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Role of the Financial Manager

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Essay title: Role of the Financial Manager

Role of the Financial Manager

Financial managers wear many hats. They oversee the preparation of financial reports, direct investment activities, and implement cash management strategies. Each day there are new organizational paths and computer programs being perfected to record and organize data. Many financial managers are spending more time developing strategies and implementing the long-term goals of their organization. According to Brealey, Myers, and Marcus “Financial Managers are faced with two basic problems. First, how much money should the firm invest, and what specific assets should the firm invest in?” The duties of financial managers change with their roles.

Chief Financial Officers, are the top financial executives of an organization. They oversee all financial and accounting functions and formulate and administer the organization's overall financial plans and policies. In small firms, CFOs usually handle all financial management functions. In large firms, they direct these activities through other financial managers who head each financial department. A chief financial officer is primarily responsible for financial planning and record-keeping. This role has expanded to encompass communicating financial performance and forecasts to the analyst community. The Controller is responsible for all aspects of the agency accounting and reporting process. This includes, but is not limited to, the following: Prepare financial statements in compliance with GAAP, as well as various reports for all key aspects of the agency’s financial affairs, including variance reports which accurately account for differences in budgets and forecasts. Ensure Sarbanes-Oxley compliance and process documentation.

The controller reconciles and analyze all accounts each month, ensuring that all corporate reporting packages and internal reports are accurate, timely, and in compliance with GAAP and internal policies. They also oversee and assist in all accounting systems functions, policies, and procedures, including closing cycles, financial audits and corporate information requests; manages the general ledger accounting system, including report development and dissemination, and control and documentation of transactions. A treasurer, receives and keeps accurate records of money received and disbursed within the corporation. Credit managers oversee the flow of financial instruments, monitor the extension of credit, establish credit rating criteria, establish credit ceilings, assess risk of transactions, raise capital, analyze investments, and control flow of cash receipts and disbursements. Also, they analyze cash flow projections to determine if loans are needed to meet cash requirements. Finally, some credit managers prepare financial operating reports to ensure that the firm satisfies tax and regulatory requirements. The cash manager manages the cash transactions. All these roles have one thing in common: proper management and distribution of company finances.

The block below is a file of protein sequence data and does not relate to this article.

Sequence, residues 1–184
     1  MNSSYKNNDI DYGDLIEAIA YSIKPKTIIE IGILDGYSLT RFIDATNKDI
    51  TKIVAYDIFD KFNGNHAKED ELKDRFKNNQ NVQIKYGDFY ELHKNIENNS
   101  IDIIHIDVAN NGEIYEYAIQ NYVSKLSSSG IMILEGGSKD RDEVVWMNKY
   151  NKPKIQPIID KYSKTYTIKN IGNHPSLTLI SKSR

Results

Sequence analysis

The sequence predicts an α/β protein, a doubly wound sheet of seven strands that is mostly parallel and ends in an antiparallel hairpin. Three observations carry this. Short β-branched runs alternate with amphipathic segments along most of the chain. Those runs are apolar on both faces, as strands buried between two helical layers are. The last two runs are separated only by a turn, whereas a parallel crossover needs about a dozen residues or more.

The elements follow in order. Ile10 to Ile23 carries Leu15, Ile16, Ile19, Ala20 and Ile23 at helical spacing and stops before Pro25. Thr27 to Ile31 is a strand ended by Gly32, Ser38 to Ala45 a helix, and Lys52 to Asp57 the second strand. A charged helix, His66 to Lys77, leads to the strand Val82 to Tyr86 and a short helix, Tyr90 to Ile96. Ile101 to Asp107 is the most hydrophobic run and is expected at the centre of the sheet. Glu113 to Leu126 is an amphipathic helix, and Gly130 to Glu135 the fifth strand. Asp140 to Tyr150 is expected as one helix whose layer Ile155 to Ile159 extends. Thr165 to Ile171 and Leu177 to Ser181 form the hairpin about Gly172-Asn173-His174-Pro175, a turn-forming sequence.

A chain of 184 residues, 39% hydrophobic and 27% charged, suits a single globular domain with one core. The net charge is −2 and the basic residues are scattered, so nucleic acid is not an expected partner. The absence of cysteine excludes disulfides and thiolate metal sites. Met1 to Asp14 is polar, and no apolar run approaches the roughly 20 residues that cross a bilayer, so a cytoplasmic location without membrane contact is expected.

The average employee or stockholder have a slightly different outlook.

In a world where corporate restructuring is a common as paper clips, stockholders need to know what direction the company is going to take and will their investment be safe. Finance managers want/need to keep expenses low and returns high as this adds value to the company that is passed onto the investors. The dividend is the most important way the business fulfills this mission. When a company earns a profit, some of this money is typically reinvested in the business and called retained earnings, and some of it can be paid to its shareholders as a dividend. Paying dividends reduces the amount of cash available to the business, but the distribution of profit to the owners is, after all, the purpose of the business. Some companies pay stock dividends rather than cash dividends, in which case

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